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NEXT STEPS FOR CANADA’S MODERN DEFENCE POLICY

NEXT STEPS FOR CANADA’S MODERN DEFENCE POLICY

Canada’s new defence policy clarifies its long term vision for Canada’s Armed Forces. Entitled Strong Secure Engaged: Canada’s Defence Policy, the June 2017 policy articulates the capabilities and resources needed by the Department of National Defence (DND) and Canadian Armed Forces (CAF) to meet the pivotal role they play within our borders and in multiple theatres of operation abroad.

To that end, the policy is comprised of 111 initiatives that focus on providing greater support to CAF forces and their families; rebuilding core capabilities and investing in future defence technologies, talent, and capabilities. The policy also recognizes that continued effort is needed to enable a modernized business of defence that is responsive to Canada’s needs, including a more transparent and streamlined procurement process.

Making good on those initiatives will not be simple – even with plans to increase defence funding from $18.9 billion in 2016-17 to $32.7 billion in 2026-27. In view of that, Strong Secure Engaged recognizes that a new approach to defence is needed; one that, “values the ability to anticipate new challenges, adapt to changing circumstances, and act with exemplary capability and professionalism while supporting peace and security around the world.”

In brief, if Canada hopes to see its initiatives through, the business of defence will need to:

Anticipate: Ensure decision makers have access to accurate, timely, and relevant information to make the right decisions in real time. Initiatives include acquiring next-generation surveillance systems, increasing investments in defence intelligence expertise and capacity, and leveraging external defence experts.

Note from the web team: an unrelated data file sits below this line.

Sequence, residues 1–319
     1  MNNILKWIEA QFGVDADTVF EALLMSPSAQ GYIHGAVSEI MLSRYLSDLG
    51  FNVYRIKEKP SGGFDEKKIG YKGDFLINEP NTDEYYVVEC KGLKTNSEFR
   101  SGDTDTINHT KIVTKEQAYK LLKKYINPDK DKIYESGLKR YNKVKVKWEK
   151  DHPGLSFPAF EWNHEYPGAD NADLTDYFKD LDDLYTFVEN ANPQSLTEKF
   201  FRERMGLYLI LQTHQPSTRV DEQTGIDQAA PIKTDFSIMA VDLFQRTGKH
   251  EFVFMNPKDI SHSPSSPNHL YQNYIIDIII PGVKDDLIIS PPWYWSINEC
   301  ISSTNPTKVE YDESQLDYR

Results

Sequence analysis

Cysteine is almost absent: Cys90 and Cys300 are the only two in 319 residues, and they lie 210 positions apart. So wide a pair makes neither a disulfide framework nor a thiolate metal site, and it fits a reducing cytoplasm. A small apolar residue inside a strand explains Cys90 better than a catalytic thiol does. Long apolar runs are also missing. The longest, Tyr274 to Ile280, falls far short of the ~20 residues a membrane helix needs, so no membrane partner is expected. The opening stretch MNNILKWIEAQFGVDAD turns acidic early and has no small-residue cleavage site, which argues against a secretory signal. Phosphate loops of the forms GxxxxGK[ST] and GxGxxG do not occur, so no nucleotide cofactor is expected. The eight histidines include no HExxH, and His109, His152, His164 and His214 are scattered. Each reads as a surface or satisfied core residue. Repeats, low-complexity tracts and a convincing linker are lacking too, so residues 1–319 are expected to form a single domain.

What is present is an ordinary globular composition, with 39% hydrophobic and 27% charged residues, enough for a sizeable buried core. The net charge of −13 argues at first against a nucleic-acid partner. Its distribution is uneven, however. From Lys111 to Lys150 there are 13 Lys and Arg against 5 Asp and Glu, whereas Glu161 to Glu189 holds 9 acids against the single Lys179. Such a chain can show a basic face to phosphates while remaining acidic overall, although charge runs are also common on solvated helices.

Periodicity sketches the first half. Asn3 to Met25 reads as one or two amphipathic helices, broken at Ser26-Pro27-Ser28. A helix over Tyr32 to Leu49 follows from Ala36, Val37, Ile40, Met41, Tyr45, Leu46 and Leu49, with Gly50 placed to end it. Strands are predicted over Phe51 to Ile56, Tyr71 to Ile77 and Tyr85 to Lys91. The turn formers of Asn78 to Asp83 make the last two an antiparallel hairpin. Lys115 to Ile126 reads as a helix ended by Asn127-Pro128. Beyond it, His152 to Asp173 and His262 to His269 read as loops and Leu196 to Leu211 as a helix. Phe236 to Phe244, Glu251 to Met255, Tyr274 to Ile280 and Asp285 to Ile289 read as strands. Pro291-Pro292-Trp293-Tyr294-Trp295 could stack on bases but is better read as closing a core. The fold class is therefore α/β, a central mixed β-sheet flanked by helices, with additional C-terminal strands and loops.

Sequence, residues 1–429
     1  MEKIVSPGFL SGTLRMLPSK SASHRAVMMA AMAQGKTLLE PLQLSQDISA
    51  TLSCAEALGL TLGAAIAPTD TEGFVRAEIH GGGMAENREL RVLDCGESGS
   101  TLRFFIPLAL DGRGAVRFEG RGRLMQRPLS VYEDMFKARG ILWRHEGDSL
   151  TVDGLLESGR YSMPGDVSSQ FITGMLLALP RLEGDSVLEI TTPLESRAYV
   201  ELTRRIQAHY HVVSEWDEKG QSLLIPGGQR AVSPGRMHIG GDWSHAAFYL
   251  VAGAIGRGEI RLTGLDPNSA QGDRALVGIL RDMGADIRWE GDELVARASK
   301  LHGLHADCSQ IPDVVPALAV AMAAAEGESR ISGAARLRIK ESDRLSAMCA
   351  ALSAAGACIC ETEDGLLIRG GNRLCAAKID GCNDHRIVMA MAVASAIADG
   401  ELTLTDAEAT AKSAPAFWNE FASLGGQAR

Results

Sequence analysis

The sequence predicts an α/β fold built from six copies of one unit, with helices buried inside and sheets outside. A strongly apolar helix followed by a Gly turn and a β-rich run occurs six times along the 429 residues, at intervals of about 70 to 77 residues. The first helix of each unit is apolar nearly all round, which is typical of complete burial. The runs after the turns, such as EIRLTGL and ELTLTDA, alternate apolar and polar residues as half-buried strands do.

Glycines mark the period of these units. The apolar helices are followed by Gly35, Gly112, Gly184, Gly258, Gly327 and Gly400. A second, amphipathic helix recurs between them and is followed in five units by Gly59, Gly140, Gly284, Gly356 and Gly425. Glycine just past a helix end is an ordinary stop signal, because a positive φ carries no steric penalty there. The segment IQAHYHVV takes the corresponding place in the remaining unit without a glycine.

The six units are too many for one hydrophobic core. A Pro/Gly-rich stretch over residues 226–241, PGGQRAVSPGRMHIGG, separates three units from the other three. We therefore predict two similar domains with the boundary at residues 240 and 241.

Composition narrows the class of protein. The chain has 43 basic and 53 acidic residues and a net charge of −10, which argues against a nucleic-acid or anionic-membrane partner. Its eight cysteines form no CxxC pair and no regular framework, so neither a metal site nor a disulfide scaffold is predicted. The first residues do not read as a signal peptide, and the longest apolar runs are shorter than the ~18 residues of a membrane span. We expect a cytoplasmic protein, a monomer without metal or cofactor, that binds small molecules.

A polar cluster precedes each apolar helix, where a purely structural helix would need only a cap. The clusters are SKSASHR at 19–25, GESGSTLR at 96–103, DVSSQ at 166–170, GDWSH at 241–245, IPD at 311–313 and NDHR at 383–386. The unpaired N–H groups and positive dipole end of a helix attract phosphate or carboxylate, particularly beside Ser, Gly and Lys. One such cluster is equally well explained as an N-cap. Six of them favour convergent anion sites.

Adapt: Bring in modern technologies and methods that will evolve the ways in which people are managed and employed, the procurement process is handled, and innovation is supported.

Act: Leverage real-time data and modern technologies to act decisively in multiple theatres of war, while also strengthening disaster relief and peace keeping efforts and renewing Canada’s commitment to NORAD and NATO.

This modernized policy is to be commended for acknowledging the complex nature of today’s threats, both on the world stage and online. It should also be lauded for recognizing that CAF must not only make use of the latest tools, but recruit and support the people who can wield those tools effectively.

However, to say this new direction is ambitious would be an understatement.

As one of the largest modernization efforts of Canada’s defence capabilities in decades, Strong Secure Engaged puts forward a wealth of initiatives that must now be carried out across the whole of the Defence team.

This is easier said than done – especially considering the defence sector, government, and industry alike continue to face challenges managing the complex cycle through which defence assets are procured, acquired, and deployed. A current lack of organizational capacity at all levels and outdated whole of government policies often leaves defence teams with the inadequate means to manage escalating costs, maximize the value of output, and pursue innovative solutions that might reduce capital costs or increase efficiencies during the operational phase.

Herein, for the government to see its new defence strategy through, it must adopt an enterprise performance management (EPM) approach. This is one which integrates and digitizes financial and operational information in a common framework to allow DND / CAF to:

1. Focus on the right measures and indicators to execute strategies and optimize performance;

2. Create an integrated business and financial plan with targets that are reflective of the organization’s strategies and objectives;

3. Ensure plans are executed across all domains;

4. Continually compare the plan to actual progress via data analytics and advanced reporting; and

5. Adjust plans accordingly on an ongoing basis.

THE WAY FORWARD

The mission is clear and the route is set. With clarity of vision, the government needs to invest not just in the defence business but equally in the right talent and business capabilities if it truly intends to realize on the Defence Policy.

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